Now for the good news: the Stratos allows you to pair a chest strap using Bluetooth, and we tested it out on a run with the Polar H10 doing the HR work. It worked absolutely fine, with no cut-offs, and made a more consistent live readout than we got when using the onboard optical HR (more aligned with the Garmin Fenix 5S we ran with too). Pairing is pretty simple, requiring you to pair it as an "accessory" when you enter your workout mode of choice.
That's good news for runners who want to get more serious about heart rate training and VO2 Max, particularly with it paired with the brains of Firstbeat. The only problem right now is that you can't set custom heart rate zones, so you're stuck with the pre-sets on the watch, but we hope this is something that comes down the line.
We also took it out on the court to put the tennis mode to the test. This is a partnership that Huami has rustled up with tennis tracking company Zepp Labs, integrating Zepp's algorithms into the watch. It will track your shots, heart rate and movement, giving you a post-game breakdown of your forehands, backhands and serves. Sadly this didn't prove to be as accurate as we'd hoped. We did a session of serve drills and at the end it told us we'd been doing a mix of forehands and backhands in there too. That wasn't true.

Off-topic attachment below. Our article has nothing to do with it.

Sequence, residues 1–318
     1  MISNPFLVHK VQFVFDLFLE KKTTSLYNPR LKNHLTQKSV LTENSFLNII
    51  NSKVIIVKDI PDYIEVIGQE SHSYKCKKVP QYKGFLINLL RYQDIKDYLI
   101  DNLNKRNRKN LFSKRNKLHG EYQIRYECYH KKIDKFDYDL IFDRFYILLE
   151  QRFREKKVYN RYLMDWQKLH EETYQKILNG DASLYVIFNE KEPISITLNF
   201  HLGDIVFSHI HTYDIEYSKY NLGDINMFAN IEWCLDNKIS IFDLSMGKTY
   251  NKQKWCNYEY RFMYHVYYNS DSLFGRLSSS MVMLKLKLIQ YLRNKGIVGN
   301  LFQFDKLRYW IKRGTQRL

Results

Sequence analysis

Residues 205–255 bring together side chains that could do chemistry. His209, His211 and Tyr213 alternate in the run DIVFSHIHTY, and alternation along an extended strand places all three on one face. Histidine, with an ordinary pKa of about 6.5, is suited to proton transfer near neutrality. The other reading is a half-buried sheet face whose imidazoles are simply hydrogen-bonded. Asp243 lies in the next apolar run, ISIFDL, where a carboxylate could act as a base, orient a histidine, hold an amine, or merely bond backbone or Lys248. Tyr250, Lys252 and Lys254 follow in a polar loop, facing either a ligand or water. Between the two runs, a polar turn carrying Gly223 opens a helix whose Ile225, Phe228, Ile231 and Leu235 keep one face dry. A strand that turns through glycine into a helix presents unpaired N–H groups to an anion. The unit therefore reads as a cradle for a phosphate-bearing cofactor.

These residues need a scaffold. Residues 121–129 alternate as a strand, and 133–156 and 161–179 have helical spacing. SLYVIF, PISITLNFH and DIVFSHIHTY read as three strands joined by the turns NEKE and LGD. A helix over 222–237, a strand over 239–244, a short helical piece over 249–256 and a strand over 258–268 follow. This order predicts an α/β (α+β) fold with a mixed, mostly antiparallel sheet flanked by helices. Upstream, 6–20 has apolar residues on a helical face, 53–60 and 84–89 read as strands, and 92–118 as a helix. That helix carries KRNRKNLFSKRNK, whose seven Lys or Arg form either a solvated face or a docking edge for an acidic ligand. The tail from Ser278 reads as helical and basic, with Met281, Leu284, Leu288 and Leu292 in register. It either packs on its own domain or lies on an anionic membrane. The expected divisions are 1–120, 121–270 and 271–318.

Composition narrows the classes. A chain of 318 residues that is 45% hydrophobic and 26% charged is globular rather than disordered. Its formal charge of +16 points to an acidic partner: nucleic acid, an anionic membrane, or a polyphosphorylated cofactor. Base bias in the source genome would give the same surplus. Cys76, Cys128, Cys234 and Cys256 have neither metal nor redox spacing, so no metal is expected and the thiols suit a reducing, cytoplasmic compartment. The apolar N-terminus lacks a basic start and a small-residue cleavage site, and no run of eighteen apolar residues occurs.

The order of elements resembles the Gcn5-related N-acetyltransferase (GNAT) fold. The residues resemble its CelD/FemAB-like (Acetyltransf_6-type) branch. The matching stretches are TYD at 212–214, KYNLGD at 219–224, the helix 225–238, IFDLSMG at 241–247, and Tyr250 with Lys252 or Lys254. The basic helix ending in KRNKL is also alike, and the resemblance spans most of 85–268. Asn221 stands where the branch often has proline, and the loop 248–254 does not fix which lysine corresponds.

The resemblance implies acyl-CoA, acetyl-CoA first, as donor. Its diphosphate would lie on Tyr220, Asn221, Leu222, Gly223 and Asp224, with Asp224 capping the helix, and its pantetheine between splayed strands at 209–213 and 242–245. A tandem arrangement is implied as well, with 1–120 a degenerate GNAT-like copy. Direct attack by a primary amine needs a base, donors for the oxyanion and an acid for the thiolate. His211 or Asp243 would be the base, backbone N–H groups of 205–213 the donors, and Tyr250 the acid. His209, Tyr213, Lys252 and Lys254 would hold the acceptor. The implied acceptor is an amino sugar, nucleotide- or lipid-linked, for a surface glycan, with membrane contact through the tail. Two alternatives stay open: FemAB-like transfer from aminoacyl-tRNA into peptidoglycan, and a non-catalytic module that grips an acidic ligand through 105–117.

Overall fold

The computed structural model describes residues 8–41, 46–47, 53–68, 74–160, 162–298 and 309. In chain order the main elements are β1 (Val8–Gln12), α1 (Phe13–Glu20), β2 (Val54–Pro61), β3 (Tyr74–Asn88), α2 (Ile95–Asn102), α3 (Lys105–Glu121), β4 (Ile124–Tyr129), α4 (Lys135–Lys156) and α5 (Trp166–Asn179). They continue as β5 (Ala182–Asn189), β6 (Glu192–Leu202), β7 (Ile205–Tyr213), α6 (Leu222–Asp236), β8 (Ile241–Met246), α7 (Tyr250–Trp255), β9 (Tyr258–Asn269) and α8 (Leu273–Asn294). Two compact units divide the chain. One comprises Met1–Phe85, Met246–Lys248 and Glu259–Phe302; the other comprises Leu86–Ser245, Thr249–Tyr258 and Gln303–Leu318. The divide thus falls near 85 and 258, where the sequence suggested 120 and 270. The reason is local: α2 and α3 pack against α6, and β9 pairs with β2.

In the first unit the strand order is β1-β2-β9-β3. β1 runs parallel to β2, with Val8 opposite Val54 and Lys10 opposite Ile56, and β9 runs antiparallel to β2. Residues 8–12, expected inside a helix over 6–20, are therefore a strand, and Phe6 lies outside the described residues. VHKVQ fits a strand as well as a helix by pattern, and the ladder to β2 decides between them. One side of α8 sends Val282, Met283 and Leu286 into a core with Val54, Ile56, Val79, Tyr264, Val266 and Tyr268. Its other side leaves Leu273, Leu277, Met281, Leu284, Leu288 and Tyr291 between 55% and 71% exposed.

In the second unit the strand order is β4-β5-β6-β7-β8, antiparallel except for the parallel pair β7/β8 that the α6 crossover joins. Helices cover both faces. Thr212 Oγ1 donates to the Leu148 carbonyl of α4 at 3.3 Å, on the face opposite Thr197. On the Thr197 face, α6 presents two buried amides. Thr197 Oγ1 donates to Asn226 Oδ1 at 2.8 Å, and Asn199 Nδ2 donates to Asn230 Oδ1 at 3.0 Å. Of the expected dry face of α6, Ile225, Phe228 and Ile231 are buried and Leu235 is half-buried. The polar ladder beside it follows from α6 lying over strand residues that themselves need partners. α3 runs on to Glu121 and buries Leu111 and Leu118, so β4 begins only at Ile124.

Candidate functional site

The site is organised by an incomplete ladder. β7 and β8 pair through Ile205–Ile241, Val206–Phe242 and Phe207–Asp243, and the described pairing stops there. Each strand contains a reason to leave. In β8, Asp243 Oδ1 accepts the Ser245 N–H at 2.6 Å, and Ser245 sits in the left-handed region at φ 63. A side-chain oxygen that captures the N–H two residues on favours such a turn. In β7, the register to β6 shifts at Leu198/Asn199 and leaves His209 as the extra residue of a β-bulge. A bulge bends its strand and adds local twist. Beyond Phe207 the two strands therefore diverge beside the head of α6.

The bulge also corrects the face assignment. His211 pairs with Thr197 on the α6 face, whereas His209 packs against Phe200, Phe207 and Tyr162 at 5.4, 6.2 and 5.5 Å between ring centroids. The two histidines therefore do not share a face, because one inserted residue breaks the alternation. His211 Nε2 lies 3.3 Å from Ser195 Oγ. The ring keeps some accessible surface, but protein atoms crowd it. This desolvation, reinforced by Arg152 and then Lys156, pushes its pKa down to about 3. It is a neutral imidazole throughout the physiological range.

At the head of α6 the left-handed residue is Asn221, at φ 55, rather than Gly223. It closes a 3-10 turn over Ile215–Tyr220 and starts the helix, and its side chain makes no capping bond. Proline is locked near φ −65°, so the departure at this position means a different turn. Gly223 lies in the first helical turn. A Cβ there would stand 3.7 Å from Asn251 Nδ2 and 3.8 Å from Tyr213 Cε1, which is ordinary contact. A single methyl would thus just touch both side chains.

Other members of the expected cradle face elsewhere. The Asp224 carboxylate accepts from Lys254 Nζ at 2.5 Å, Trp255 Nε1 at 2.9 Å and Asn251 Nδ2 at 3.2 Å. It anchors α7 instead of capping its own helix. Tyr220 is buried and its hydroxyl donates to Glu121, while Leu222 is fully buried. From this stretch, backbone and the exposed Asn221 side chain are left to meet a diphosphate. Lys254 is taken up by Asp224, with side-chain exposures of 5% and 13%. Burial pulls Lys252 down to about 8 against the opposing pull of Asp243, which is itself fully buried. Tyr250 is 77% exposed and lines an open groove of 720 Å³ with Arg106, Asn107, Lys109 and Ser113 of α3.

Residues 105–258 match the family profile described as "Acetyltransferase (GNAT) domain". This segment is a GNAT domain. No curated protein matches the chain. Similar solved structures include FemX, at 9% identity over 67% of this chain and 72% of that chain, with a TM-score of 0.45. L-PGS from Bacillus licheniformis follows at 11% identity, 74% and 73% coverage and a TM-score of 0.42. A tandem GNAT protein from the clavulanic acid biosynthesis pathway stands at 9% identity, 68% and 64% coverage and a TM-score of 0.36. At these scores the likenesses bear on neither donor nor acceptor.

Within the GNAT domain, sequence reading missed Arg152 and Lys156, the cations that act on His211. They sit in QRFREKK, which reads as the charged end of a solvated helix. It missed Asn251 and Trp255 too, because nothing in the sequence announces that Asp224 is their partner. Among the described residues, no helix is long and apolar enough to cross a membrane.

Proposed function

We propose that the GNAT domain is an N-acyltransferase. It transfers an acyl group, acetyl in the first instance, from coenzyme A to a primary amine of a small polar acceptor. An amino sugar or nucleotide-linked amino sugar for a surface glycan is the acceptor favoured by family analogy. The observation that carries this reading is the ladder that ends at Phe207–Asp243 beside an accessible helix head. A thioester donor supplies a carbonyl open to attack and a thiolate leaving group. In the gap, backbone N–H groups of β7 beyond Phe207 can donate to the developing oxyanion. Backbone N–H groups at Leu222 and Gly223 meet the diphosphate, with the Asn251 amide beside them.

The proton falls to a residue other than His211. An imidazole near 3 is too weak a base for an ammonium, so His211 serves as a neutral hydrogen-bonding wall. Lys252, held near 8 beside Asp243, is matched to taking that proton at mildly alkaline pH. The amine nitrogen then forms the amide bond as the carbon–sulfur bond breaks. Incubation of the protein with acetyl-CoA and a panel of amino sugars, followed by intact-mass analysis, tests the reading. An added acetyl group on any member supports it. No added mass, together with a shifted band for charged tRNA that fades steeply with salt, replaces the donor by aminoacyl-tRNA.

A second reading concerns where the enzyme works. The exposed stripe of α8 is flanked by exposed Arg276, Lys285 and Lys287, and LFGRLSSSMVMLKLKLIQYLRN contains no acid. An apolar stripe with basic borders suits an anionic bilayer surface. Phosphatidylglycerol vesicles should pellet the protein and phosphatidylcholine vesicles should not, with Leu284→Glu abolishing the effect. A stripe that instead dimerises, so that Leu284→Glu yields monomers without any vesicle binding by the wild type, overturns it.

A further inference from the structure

It fared better when differentiating between forehands and backhands during play, but we often found it failed to pick up a lot of swings entirely. You can sync your data with the Zepp app too, but you're not getting the same level of feedback you'd get if using Zepp's own sensors. So all-in-all, it's fine for when you're sweating it out on the court and want that acknowledged, but it's not going to do much to improve your game.
Climbing and trail running will let you import GPX files (which contain lat/lon coordinates) via the computer and onto the watch, get altitude data and pair other Bluetooth sensors as well. Skiing gives you these and also lets you see your speed, though we haven't been able to test the accuracy of that.
The soccer mode doesn't do much other than track your movement and heart rate. The only thing that distinguishes this mode is that you can tell it when the second half of the game has started – but you won't get any feedback on technique.
The third and final partnership we should mention is Strava. You can connect your Strava account in the Amazfit app and sync your workouts across. There are a lot of Strava junkies out there, and though this only goes for running data captured on the watch, it's a tie-in that definitely works in Huami's favour.